Scrap Wood Wreath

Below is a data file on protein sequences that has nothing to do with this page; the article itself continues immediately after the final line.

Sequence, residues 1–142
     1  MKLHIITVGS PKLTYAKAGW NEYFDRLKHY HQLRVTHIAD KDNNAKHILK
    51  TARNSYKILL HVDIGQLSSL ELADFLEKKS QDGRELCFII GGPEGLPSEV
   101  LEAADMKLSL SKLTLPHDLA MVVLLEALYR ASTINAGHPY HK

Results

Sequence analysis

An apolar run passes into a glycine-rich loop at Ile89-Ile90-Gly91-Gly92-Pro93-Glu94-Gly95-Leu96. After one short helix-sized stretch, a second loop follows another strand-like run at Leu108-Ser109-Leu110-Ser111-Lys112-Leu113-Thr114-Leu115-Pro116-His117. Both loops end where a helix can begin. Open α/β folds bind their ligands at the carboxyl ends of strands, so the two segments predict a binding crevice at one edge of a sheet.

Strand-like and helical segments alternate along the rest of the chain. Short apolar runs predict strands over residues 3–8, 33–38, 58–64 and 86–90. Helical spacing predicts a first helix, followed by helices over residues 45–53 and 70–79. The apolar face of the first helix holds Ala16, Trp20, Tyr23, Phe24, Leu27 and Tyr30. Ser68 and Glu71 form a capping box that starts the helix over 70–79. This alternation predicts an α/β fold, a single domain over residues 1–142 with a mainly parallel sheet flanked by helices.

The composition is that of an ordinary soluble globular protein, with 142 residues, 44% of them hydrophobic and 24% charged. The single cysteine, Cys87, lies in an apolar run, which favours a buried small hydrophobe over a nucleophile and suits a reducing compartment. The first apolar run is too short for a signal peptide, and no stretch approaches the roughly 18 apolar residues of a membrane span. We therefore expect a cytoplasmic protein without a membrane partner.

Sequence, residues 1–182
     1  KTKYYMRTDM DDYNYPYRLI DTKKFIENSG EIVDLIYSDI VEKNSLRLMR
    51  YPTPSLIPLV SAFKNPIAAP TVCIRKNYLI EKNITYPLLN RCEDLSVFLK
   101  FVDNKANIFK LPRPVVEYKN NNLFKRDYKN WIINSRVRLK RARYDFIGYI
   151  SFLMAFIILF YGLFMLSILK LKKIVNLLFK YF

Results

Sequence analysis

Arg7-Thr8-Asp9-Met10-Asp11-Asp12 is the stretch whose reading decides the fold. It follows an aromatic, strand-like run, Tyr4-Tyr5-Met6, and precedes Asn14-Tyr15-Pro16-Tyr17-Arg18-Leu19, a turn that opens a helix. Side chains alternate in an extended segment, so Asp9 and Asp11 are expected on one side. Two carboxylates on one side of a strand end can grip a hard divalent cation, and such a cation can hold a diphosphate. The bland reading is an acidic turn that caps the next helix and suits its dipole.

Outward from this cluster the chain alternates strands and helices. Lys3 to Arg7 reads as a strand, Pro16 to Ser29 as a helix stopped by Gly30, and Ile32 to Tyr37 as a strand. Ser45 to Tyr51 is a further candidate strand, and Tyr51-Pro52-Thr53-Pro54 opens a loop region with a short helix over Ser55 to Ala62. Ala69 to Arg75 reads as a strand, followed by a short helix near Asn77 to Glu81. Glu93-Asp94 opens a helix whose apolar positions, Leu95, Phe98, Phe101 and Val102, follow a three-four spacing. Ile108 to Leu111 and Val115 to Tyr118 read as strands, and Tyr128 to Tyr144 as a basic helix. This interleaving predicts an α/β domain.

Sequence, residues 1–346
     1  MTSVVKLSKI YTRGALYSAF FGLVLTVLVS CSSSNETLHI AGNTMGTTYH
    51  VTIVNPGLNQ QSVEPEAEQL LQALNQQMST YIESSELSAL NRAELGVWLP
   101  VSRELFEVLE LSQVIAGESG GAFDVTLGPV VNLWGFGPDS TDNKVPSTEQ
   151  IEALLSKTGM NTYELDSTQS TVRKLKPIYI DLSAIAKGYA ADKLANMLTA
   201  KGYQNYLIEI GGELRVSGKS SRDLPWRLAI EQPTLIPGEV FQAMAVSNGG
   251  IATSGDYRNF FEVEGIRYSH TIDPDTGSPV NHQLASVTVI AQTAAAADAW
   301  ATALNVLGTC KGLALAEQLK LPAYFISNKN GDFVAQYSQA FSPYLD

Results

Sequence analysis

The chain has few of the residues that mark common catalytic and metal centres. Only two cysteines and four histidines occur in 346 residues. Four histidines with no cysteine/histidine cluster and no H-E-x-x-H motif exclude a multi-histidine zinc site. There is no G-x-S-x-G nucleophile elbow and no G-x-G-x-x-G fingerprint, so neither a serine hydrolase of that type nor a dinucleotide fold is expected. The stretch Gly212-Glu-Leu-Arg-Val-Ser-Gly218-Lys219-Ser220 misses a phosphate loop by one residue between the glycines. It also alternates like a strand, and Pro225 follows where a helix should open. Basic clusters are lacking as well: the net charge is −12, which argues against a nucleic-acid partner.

It has been some time since we have heard saw blades buzz around here. ¬†It felt so good to get back to yesterday after a summer away from projects. ¬†The idea of a scrap wood wreath has been in my brain for a bit now, and it is the best feeling for it to finally be hanging in our home. ¬†It is kind of perfect in all of its imperfections, exactly as I had pictured it in my mind. One of my favorite things about this project is that it was so super easy and didn't take long at all. And it inspired me to do a ¬†little bit of fluffing and fall inspired decorating. ¬†I am not sure what will stay where, but it felt good to be paying attention to it our home again. ¬†I am just starting my fall decorating because I need to be ready for Monday September 14th, when we start the 2015 Finding Fall Home Tour. ¬†We have a great line-up of bloggers, and I hope you will join us! To make this wreath, you will need some scrap wood, or new wood that you paint, stain, or a mixture of the two. ¬†The wood I used had a different types of paint on it and the back was dark wood. ¬†I just placed the pieces randomly, mixing if I showed the painted side or the stained side. ¬†You could easily recreate this look with some paint and stain. Of course, this is not just any old wood. ¬†This wood tells quite a story. We used our chop saw to cut them down to about 1" pieces. ¬†The board was pretty beat up, so the width was not the same throughout the board, but we just kept it at the size it was which was around 3". ¬†I placed them on the wreath as we cut to see how many we needed, and then dumped them off and began placing them one by one, mixing up the size and finish. I used Gorilla Glue construction adhesive because I wanted to make sure it could handle the weight and be used outdoors. ¬†In the end, the wreath isn't very heavy, but I am still glad I used this adhesive. ¬†I simple spread it on a 18" flat wood wreath form¬†(affiliate link) and placed each piece of wood on in a random pattern. Before I began, I ran a piece of wire through one of the holes in the wreath to hang it. ¬†I covered it with a ribbon for hanging, but the weight is on the wire. The biggest challenge here was spacing. ¬†I knew I had no need for it to be perfect. ¬†We could have spent hours calculating and measuring the perfect angles so that I would go together like a puzzle, but that really is not our style. ¬†Instead, I kept spacing them and adjusting them as needed. ¬†The adhesive gave me plenty of time to work all the way around the wreath and adjust as needed. ¬†When I got back to the top again, it was a tight fit, so I cut a smaller piece to wedge in. ¬†There is still a little bit of space at the top but it is covered by the ribbon. After it was complete, I let it sit overnight to set up. And there you have it. ¬†An imperfect wreath made from sentimental wood that reignited my fire to get some fluffing down around my house. Just my kind of project. Thanks for reading.